An 11.6-inch screen by itself isn't too small to get work done on — sure, split screening is a wee bit cramped — but there's a criminal waste of space by sticking these 1-inch borders around that 11.6-inch screen. While compact Chromebooks are often catered to the budget market, that doesn't mean that after seven years we have to put up with the same 11.6-inch, 250nit 1366 x 768px screens.
Manufacturers could easily swap to a 12 or 12.5-inch screen in the same size Chromebook and still have enough of a bezel to hold onto when you flip things over to tablet mode. And while they're at it, they can upgrade the resolution.
3. Sub-1080p screens need to die, especially on larger Chromebooks
If Chromebooks want to throw off the "cheap" label once and for all, for the love of logcat can we ditch 1366 x 768px screens? 1080p should be the standard, especially for anything 13 inches or larger. The fact that brand-new Enterprise Chromebooks are offered at sub-1080p resolution is a goshdarn embarrassment.
We know Chrome OS can look great on small 1080p screens like the Lenovo Chromebook Duet, and do so without costing a fortune. Yes, it would increase the cost of Chromebooks by a few dollars, but it's a worthwhile investment, especially now when Chromebooks are being built to last the better part of a decade.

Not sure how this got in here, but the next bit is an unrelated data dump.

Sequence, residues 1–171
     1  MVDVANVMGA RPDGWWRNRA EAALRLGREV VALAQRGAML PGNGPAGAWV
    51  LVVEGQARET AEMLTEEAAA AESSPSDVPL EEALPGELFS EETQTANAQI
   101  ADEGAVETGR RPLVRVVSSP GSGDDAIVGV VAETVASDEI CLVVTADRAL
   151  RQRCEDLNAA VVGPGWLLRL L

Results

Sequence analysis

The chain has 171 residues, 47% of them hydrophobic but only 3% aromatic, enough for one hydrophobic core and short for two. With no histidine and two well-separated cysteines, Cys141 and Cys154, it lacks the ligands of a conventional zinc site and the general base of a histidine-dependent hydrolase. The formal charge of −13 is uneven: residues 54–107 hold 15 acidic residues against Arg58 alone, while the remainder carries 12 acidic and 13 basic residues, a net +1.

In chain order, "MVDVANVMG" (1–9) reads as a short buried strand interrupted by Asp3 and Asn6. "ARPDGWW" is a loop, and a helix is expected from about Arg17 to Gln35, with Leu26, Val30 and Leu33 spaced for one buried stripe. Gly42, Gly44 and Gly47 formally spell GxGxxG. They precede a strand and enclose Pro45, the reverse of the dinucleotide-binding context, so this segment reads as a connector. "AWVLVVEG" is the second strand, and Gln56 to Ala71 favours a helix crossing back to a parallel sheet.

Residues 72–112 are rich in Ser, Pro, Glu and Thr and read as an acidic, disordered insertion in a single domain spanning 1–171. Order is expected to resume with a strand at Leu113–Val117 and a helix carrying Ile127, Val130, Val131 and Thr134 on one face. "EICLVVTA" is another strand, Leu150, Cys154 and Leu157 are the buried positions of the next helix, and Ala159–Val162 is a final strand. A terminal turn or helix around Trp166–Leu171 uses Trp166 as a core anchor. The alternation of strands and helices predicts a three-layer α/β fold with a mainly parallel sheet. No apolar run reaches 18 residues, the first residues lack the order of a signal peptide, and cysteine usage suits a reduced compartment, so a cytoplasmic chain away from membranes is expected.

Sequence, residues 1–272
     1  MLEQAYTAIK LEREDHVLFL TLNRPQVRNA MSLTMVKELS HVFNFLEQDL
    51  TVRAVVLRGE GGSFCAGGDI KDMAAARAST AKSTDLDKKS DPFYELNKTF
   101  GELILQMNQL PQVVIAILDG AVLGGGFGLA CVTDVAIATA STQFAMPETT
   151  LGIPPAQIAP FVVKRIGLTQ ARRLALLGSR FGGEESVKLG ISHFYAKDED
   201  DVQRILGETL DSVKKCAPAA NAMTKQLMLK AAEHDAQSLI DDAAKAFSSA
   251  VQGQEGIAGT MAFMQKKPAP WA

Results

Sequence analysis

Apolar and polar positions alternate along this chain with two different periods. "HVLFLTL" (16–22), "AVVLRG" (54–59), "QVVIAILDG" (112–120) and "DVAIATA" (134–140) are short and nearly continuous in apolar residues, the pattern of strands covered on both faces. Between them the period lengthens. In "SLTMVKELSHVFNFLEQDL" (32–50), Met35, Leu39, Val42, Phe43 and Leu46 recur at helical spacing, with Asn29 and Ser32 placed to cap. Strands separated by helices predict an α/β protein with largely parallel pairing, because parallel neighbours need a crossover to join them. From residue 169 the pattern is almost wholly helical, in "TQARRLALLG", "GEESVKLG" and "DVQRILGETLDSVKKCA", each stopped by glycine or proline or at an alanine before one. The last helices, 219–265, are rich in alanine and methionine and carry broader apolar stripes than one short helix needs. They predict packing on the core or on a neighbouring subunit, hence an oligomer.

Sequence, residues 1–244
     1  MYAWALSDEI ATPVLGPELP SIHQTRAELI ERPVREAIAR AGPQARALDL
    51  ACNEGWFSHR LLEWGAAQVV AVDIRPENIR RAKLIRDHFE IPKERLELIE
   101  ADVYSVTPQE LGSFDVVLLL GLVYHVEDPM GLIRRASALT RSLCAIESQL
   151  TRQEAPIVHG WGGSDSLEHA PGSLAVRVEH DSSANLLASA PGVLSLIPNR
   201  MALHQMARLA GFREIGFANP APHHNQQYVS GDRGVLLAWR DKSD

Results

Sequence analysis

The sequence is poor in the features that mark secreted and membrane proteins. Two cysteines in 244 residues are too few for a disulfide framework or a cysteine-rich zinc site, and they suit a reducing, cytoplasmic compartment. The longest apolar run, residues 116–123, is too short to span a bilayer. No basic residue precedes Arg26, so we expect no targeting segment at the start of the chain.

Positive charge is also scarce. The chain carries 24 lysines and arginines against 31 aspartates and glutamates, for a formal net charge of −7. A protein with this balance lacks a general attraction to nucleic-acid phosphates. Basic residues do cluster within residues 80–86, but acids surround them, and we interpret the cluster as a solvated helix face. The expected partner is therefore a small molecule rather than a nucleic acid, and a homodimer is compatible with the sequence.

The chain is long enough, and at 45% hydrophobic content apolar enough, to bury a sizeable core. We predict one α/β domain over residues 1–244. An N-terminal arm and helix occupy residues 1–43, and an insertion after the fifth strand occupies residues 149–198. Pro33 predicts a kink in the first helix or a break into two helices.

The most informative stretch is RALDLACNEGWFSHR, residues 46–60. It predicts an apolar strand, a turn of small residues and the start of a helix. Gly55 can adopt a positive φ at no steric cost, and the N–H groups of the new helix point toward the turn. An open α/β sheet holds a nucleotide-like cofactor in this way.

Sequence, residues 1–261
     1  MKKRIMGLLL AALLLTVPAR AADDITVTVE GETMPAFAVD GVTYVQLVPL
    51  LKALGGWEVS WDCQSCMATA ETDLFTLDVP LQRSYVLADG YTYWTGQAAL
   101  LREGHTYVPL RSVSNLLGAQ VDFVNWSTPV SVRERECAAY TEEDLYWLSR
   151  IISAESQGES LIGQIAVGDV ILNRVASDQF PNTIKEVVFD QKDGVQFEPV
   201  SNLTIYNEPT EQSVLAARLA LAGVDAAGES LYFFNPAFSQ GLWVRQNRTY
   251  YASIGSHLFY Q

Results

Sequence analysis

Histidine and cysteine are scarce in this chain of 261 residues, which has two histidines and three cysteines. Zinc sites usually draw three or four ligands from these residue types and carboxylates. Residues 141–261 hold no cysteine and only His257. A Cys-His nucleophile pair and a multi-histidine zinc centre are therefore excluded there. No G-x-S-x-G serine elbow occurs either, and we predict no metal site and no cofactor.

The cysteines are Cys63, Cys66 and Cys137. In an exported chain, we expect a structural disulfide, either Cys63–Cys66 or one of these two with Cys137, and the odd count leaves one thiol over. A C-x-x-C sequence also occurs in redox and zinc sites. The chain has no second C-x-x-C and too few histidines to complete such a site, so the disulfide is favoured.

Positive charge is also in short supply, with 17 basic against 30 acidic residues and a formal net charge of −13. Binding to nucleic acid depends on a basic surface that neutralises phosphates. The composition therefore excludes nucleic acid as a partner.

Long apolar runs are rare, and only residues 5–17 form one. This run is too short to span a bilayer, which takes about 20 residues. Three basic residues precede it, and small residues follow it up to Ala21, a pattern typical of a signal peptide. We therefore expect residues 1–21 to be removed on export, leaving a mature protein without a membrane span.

This is especially important for larger-screen Chromebooks, where you need more pixels to start with in order for Chrome OS's "Display size" scaling to actually look good at anything other than native size. A 1080p or UHD screen looks great when scaled to other resolutions, but a 1366 x 768px screen just doesn't scale well at all, which makes them less useful to anyone needing larger text.
4. Stop trying to make the search key happen
The Chrome OS keyboard has a few small but mostly useful changes compared to other laptops: the left Ctrl and Alt keys are larger thanks to the lack of Windows/Function key, and the F-12 keys are ditched in favor of Chrome OS's function bar with page, windows, volume, and brightness controls. The letter keys on a Chromebook are also lowercase, to make them easier for young children to recognize, but there's another Chrome OS change that makes things harder, especially for users with smaller hands.